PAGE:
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Meter  Services Team with Town of Castle Rock utility truck

Knock, knock: Safe service calls

It is important that our customers always feel safe. If anyone claiming to be a Town employee comes to your door, make sure they have the following:

  • Town employee picture identification
  • Arrives in a vehicle marked with Town of Castle Rock emblem
Water service calls are one of the most frequent reasons for a Town employee to come to your home. But keep in mind, we schedule an exact appointment for safety purposes. If you are suspicious of someone at your door, please call Castle Rock Police at 303-663-6100.
Bathroom sink faucet

Frozen pipes!
Should I let my water drip?

With the sporadic sighting of Old Man Winter, we need to remember to keep those pipes warm. Frozen pipes are a major cause of leaks within the home.

Allowing warm air to reach exposed pipes by opening cabinet and crawl space doors is the best way to keep pipes from freezing. Or, try wrapping pipes with plug-in heat tape and foam insulation, especially those located on exterior walls. Plus, keep your spaces warm by never setting the thermostat lower than 55 degrees.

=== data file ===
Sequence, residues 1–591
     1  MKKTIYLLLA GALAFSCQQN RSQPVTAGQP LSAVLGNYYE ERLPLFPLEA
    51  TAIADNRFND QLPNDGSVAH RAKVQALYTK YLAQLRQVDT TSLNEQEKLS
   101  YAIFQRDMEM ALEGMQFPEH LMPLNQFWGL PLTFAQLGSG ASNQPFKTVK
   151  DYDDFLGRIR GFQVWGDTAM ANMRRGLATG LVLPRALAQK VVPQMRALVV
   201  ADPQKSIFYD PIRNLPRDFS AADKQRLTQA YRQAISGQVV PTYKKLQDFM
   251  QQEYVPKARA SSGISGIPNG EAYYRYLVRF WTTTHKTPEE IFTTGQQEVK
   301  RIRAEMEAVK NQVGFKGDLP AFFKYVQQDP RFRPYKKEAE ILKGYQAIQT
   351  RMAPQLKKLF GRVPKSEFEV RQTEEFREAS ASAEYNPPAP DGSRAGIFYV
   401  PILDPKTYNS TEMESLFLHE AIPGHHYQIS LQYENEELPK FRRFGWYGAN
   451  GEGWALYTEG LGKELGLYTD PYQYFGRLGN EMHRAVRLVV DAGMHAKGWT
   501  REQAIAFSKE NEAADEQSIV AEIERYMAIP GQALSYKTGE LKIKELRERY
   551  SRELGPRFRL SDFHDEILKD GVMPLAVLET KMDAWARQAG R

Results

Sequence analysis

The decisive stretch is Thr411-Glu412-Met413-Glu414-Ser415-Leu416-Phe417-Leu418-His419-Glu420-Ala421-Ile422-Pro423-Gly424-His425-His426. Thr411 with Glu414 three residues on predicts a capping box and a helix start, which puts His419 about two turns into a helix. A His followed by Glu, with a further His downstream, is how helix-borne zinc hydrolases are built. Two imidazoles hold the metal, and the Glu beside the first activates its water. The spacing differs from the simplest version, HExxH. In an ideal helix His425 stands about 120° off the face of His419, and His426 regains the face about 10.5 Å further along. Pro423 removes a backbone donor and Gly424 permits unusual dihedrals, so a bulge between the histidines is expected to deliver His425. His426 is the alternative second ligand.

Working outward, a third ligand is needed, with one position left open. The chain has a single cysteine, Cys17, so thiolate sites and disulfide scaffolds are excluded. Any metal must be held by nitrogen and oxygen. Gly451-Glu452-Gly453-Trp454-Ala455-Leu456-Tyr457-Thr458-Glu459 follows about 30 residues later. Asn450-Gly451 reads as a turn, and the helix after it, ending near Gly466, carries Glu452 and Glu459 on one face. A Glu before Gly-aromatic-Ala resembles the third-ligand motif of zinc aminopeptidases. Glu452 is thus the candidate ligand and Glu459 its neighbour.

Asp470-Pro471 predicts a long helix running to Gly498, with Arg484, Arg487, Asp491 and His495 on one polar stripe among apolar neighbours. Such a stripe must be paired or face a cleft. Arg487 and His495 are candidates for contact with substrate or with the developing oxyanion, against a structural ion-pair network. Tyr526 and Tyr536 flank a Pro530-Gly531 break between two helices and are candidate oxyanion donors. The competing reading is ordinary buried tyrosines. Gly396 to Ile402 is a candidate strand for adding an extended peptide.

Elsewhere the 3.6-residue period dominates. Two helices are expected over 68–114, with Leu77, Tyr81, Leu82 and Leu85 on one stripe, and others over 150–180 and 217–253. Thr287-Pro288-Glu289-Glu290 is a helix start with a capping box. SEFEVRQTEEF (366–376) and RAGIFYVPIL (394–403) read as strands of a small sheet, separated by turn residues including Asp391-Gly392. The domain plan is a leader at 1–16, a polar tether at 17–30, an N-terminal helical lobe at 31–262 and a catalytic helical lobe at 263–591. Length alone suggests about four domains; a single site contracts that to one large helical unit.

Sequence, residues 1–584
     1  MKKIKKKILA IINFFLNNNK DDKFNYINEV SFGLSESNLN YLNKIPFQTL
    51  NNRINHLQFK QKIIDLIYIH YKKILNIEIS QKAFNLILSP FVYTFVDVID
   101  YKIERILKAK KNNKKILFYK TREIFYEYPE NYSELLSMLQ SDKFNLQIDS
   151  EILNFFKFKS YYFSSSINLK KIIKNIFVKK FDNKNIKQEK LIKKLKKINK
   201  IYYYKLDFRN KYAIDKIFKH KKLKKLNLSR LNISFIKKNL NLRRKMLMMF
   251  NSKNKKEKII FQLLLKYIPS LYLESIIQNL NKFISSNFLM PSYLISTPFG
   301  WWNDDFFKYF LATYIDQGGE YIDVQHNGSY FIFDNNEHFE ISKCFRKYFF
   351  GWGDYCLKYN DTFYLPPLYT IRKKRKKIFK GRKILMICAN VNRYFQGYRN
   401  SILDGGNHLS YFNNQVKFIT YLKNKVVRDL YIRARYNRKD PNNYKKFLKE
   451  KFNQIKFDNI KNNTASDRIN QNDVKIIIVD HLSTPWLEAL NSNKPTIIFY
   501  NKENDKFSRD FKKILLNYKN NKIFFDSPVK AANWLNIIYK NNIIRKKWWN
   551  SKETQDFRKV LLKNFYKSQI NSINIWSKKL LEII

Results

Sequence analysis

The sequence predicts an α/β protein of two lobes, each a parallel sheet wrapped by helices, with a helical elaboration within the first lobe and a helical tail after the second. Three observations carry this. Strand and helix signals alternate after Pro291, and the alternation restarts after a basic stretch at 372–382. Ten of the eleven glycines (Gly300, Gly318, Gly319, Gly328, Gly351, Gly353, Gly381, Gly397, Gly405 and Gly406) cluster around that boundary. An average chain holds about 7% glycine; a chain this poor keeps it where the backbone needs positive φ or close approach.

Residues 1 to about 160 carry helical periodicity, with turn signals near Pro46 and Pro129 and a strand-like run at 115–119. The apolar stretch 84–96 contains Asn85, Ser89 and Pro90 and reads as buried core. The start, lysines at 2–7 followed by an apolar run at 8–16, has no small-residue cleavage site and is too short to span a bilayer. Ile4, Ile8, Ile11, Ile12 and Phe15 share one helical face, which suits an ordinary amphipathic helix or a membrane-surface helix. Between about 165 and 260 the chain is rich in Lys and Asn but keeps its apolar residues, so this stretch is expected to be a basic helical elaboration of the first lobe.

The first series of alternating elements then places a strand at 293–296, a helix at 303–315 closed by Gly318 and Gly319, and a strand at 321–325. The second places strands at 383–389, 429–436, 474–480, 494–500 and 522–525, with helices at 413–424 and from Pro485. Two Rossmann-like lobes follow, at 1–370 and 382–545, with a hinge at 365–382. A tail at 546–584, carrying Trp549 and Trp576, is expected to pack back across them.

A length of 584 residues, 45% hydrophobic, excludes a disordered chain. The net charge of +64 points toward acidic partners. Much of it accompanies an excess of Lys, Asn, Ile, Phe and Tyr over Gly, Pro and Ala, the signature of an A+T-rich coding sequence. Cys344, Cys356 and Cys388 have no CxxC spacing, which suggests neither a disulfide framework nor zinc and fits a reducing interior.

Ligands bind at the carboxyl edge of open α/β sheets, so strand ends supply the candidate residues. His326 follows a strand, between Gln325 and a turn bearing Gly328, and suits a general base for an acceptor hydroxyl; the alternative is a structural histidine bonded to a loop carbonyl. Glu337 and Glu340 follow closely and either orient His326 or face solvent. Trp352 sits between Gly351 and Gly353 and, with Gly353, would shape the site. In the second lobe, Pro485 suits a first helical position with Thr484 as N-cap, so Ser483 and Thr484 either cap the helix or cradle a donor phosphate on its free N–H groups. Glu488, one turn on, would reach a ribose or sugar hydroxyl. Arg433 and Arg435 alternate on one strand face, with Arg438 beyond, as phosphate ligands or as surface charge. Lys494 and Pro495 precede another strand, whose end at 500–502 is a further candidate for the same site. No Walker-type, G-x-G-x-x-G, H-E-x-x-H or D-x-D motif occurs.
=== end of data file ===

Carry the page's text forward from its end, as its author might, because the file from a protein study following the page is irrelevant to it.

Letting water drip from a faucet is about releasing pressure, not the flow of water. This method does not prevent freezing pipes, just the bursting of the pipe from ice buildup.

The best prevention tip is simply to keep pipes warm! Find more tips on

How do our rates compare?

Castle Rock Water knows exactly how our water rates compare with other Front Range water providers. Keeping rates low, while still being able to pay for sustainable water and updated infrastructure is one of our top priorities.

We conduct benchmarking and extensive financial analysis each year and our rates continue to be mid-range compared to other water providers in the Front Range.

The cost of water is greatly affected by where we get our water and how much electricity is needed to distribute it. Castle Rock, like many other South Metro water providers, primarily gets its water from underground aquifers. In some cases, that water must be pumped nearly 2,000 feet to the surface. Additionally, we are transitioning to more renewable sources, and so those water rights and the treatment processes are now the cost considerations. 

Graph of typical monthly winter rates for CR water compared to others

Each year, extensive financial analysis is conducted to identify projects, expenses and long-term payment options. All of these projects, along with your water service, is paid for through water bills. No taxes, money from the Town’s general fund or levies are used.

You are char
ged for each service we provide to you and this is delineated on your bill. These include water infrastructure, wastewater management and stormwater development.

Typically, rate changes go into effect in January and are seen on bills in February. This year, residents won’t notice a rate change because there isn’t one! Only some changes in fees paid by developers were applied this year.

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